Newspaper in China Forced to Apologize for Demanding Reporter’s Freedom
It was a rare and bold gesture by The New Express, a newspaper in China, to print across the top half of its front page the words “Please Release Him” in about size 124 font on Oct. 23. One of its reporters, Chen Yongzhou, had been detained by police after he wrote a series of articles alleging financial irregularities by the Chinese heavy-equipment manufacturer Zoomlion, and the paper was demanding his release.
It took only a few days for the Communist Party’s central authorities to swing into action: the paper was quickly muzzled, and the detained reporter was on Oct. 26 trotted onto China Central Television (CCTV), in police garb, to confess to taking money for writing the articles.
The next day the newspaper had to take to its front page again—this time with an apology. “Our newspaper took inappropriate measures, severely harming the public credibility of the media. The lesson we have learned is profound,” it said.
Now, nobody knows the truth of the matter. Had Chen Yongzhou indeed taken money and written unfair attacks on Zoomlion? Or was this merely a case of the Communist Party’s propaganda authorities punishing an upstart newspaper and its reporter?
Whatever the case, the incident showed how due process can be thrown out the window when the Party needs to achieve a political objective, as well as the perils for a newspaper in China that attempts to challenge the authorities, according to analysts who closely followed the case.
Chen Yongzhou, who is 27 years old, appeared contrite during his appearance on CCTV, when he made his confession. His head was shaved, and he was wearing a teal-colored vest provided by police.
“None of these articles were written by me,” he said. “The original articles were provided by other people, I just fixed them up and they published them.” He later said: “I regret deeply what I have done. … I hope the whole news profession can draw a lesson from my example.”
The following day, the Express placed the apology on its front page, saying, “We will take this incident as a warning and earnestly correct the extant issues, increasing control over the publication process.”
But Chinese Internet users, and observers, could not help but asking: If Chen was really to blame, why didn’t the authorities follow normal legal procedures? Why take the extraordinary measure of bringing him onto television to confess his misdeeds to the nation?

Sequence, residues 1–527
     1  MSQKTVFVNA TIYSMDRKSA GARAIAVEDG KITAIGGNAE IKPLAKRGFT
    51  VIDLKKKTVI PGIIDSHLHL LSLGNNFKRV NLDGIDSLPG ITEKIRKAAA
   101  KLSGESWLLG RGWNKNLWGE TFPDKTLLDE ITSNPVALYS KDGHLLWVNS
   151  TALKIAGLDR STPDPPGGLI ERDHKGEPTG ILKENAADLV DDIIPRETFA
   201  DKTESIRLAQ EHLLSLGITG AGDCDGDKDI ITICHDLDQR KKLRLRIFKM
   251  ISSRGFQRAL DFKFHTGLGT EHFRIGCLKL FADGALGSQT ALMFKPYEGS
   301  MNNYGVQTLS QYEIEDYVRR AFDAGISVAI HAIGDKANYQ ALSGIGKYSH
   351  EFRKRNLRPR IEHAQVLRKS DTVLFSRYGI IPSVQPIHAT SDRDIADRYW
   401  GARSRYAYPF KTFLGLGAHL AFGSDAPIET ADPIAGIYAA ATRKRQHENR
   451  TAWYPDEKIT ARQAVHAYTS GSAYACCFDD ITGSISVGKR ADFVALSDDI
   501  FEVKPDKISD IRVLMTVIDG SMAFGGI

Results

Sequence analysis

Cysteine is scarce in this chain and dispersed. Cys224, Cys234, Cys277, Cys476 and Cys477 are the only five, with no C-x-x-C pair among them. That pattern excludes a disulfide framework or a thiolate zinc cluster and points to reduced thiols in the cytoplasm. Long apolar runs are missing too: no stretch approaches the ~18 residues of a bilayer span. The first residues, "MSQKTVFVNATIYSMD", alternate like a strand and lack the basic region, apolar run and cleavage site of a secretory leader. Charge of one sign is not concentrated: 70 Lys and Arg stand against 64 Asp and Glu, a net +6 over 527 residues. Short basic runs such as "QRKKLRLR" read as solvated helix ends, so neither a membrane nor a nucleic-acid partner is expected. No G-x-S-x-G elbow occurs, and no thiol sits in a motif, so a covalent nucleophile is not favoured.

It certainly did not help the regime’s case that Chen appeared to have a bloody wound on his neck during the televised confession, a fact that online commentators made much of. The writing on the wall in the interrogation room behind him—“using torture to gain confessions is prohibited”—offered a grim juxtaposition.
A string of incidents that seem troublingly similar to the Chen Yongzhou forced confession have also occurred recently: There was the self-confession of Charles Xue, a venture capitalist with a pro-democracy bent, and Peter Humphrey, an Englishman who ran a financial investigation firm.
“After those people were arrested, the first thing they did wasn’t to meet their families and lawyers to have their rights for defending themselves, but to ‘confess their crimes’ on CCTV,” noted Fengqingyang, a well-known Internet commentator. “Are they idiots? Are they that happy to be in prison?”
According to Hu Ping, the chief editor of Beijing Spring, a pro-democracy publication run from New York, “It’s obvious that the newspaper received pressure from higher levels.”
The authorities were able to air the reporter’s confession even before any legal procedures, trial, or conviction. “Why did they shave his hair and make him wear a prison uniform? There are also pictures online showing injury marks on Chen’s neck. There’s obviously something fishy about it.”
Si Weijiang, a rights lawyer in China, told South China Morning Post that material from police investigations is a state secret before a court hearing, and only lawyers are allowed to approach suspects. “Who gave CCTV the right to violate these legal procedures?” he asked.
Behind the scenes is the original target of the articles: Zoomlion Heavy Industry Science & Technology Development Co. Ltd., which has a market capitalization of $42 billion. The government of Hunan Province had a 16 percent stake in the company at the end of 2012.
With additional reporting by Lu Chen.